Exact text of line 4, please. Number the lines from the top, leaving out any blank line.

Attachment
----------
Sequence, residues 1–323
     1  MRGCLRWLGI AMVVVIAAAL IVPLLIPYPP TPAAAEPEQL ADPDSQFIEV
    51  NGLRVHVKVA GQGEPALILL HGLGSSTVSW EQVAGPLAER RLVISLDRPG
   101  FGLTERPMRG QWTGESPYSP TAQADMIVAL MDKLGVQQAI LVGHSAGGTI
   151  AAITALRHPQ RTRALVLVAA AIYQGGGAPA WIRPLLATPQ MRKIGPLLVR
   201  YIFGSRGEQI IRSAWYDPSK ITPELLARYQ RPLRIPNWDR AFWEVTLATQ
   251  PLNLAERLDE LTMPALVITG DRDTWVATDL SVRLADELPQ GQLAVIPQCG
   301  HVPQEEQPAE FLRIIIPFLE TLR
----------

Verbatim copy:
   101  FGLTERPMRG QWTGESPYSP TAQADMIVAL MDKLGVQQAI LVGHSAGGTI